VA wait times in southeastern Colorado are daunting. Brandy Morrison, congressional liaison and acting public affairs officer for the VA’s Eastern Colorado Health Care System reveals some eye-popping statistics, which were last updated on July 31. The AVERAGE wait time for a new patient to receive care at the VA’s PFC James Dunn Clinic in Pueblo is 69 days; at the VA clinic in La Junta, 54 days; at the VA’s PFC Floyd K. Lindstrom Clinic in Colorado Springs, 52 days; at the VA facility in Lamar, 36 days; at the VA clinic in Alamosa, 29 days. The new-patient wait times at the VA facility in Salida is relatively outstanding at a mere six days. The picture for average primary care wait times for patients already established in the VA system is much, much brighter:  13 days for Alamosa; 11 days for Lindstrom in the Springs; seven days each for Lamar and James Dunn in Pueblo; four days for La Junta; and for Salida, one day.

Morrison adds that a national VA statistics website uses an average of new patient and existing patient wait times for primary care and at least one other factor to come up with its numbers. Using those statistics, the national average VA primary care wait time is 4.9 days compared with 26.68 for La Junta, 22.38 days for Alamosa, 18.35 days for Lamar, 13.99 days for Pueblo’s Dunn Clinic, 12.95 the Springs’ Lindstrom Clinic and 2.88 days for Salida.

Choice restrictions

Morrison says regarding the Veterans’ Choice Program designed to cut down on VA wait times, veterans are eligible to use the program through three avenues. The first is that if wait times for the services they require are greater than 30 days. The second is if veterans needing care live 40 miles or greater from the nearest VA facility. The third is what Morison calls a “geo-burden” which means if a veteran is separated from a VA facility by such obstacles as mountains or bodies of water. Note that a veteran having other forms of insurance is not on Morrison’s list for a veteran being turned down for the Choice Program.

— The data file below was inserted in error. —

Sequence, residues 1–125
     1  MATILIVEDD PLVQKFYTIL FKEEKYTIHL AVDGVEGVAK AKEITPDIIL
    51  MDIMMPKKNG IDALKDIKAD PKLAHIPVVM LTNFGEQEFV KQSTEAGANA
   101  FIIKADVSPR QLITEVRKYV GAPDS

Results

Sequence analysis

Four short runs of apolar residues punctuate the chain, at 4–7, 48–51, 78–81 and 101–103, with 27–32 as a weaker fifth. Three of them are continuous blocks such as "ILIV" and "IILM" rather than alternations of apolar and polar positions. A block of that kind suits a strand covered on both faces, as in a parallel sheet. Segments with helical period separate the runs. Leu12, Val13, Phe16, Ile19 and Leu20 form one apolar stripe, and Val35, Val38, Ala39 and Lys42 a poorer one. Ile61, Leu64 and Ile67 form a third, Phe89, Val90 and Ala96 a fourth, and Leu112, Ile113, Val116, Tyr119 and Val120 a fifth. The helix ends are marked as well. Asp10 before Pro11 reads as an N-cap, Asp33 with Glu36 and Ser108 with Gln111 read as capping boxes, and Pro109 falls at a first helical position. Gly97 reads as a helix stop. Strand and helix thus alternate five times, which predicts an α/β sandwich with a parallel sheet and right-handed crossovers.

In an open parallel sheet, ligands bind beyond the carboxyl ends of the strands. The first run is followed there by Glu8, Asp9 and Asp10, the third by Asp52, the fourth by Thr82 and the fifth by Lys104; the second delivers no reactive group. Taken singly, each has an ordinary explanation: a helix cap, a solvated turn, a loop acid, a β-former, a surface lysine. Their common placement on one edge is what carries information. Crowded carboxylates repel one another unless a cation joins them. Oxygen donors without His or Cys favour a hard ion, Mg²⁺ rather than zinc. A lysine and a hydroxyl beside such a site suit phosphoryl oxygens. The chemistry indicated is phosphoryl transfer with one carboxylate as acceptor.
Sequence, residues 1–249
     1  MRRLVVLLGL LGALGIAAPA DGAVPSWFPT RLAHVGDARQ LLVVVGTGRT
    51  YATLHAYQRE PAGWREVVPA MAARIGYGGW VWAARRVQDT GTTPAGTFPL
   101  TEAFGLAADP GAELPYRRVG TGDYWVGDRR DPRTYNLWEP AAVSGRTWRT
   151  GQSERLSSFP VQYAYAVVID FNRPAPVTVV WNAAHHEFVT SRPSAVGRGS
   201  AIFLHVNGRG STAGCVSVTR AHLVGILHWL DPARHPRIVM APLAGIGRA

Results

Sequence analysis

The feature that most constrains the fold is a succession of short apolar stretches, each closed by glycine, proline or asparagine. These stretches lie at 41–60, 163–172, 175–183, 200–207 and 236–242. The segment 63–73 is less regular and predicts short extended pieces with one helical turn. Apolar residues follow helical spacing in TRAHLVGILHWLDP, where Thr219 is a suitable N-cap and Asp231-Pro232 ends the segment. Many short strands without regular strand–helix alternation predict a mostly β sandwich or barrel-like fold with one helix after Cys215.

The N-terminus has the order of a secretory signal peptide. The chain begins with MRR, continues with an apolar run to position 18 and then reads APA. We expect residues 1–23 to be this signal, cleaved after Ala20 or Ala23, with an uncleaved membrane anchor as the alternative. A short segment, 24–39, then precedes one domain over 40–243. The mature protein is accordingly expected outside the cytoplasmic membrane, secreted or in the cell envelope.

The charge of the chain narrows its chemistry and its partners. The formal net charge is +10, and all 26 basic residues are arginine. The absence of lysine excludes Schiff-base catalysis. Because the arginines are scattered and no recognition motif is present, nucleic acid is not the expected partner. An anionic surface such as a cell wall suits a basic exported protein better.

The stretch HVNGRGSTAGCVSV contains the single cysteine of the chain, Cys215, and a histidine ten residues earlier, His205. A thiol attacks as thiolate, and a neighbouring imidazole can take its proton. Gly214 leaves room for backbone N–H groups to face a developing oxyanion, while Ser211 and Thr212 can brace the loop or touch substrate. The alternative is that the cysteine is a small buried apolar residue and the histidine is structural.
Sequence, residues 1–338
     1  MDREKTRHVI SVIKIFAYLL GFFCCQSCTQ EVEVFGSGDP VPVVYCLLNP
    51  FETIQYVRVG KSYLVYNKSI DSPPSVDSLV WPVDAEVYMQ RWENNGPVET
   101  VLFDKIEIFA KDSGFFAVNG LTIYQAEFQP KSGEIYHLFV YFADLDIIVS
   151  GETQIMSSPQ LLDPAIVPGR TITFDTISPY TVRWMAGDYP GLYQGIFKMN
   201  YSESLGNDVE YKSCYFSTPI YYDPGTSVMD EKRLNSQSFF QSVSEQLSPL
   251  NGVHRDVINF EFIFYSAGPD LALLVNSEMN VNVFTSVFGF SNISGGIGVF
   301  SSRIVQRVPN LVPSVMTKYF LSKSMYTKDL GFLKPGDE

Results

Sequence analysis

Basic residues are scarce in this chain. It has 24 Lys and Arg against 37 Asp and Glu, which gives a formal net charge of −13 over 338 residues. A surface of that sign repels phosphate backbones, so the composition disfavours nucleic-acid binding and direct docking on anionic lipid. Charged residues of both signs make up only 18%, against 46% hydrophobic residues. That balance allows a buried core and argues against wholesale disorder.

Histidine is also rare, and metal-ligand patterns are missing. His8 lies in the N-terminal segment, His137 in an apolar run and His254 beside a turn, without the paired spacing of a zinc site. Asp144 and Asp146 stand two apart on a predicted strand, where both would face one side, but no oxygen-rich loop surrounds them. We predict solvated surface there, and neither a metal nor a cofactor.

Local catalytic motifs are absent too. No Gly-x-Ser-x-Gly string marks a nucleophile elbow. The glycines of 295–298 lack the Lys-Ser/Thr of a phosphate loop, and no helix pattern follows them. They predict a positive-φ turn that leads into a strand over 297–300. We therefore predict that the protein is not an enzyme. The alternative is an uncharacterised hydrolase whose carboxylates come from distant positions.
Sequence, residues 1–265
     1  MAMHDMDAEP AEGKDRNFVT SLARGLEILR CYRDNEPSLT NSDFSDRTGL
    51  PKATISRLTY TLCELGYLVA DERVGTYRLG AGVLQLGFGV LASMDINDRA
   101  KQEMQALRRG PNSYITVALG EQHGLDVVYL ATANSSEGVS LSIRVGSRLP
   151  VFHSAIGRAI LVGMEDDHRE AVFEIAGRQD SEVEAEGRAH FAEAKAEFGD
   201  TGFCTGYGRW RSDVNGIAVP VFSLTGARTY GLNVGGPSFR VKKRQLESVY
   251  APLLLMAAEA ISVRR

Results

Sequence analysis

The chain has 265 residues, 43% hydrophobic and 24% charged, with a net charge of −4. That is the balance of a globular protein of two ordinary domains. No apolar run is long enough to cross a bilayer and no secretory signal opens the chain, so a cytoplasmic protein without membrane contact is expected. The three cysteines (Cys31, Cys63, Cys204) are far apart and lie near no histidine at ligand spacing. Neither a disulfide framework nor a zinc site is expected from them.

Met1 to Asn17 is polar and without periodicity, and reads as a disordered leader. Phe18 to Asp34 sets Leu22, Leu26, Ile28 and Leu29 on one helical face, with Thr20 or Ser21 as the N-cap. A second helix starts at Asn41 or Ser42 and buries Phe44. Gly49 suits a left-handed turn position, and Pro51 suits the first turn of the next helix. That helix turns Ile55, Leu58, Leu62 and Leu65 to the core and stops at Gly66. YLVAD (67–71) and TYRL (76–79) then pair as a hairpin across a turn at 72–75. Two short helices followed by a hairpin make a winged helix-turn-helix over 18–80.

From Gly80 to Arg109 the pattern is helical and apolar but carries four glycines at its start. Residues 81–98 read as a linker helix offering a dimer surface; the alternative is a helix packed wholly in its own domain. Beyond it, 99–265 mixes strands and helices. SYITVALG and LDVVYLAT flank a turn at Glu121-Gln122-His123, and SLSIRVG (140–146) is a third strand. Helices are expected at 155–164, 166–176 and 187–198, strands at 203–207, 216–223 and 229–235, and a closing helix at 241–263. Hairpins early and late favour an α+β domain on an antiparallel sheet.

Yet Morrison says relatively few veterans in the Eastern Colorado region choose to take advantage of the Choice Program. In fact, she says, during the third quarter of federal fiscal year 2017 (which runs from Oct. 1, 2016, to Sept. 30) 71 percent of the veterans served by the VA’s Eastern Colorado Health Care System chose to stay with the VA for their primary care needs rather than go through the Choice Program.

Yet for a veteran opting to go into the community to use the Choice Program, Morrison says a VA employee will place them into the program and forward all pertinent medical information to the VA “third-party administrator” or TPA (which is a company called Health Net Federal Services) for appropriate scheduling.

“Once Health Net receives and accepts the referral,” Morrison says, “they begin their scheduling attempts to get the veteran scheduled as timely as possible with the provider of their choice. Since May of 2017, the VA is the primary insurance for all services received through the Veterans Choice Program.”

Regarding payment to Veterans Choice Program providers,

Getting paid

Morrison says she cannot speak to that because Health Net handles all payments to the providers as part of its contract with the VA.

And, as Southeast Colorado Hospital District CEO Engel previously indicated, reimbursements from the Choice Program are hard to come by. And, by way of example, Pulp has learned of one story about an eye care clinic in the Pueblo area having its reimbursement check sent to an eye clinic in Alaska.

Health Net Federal Services communications director, Molly Tuttle, gives a generic response to Pulp’s concerns about delayed Choice Program reimbursements.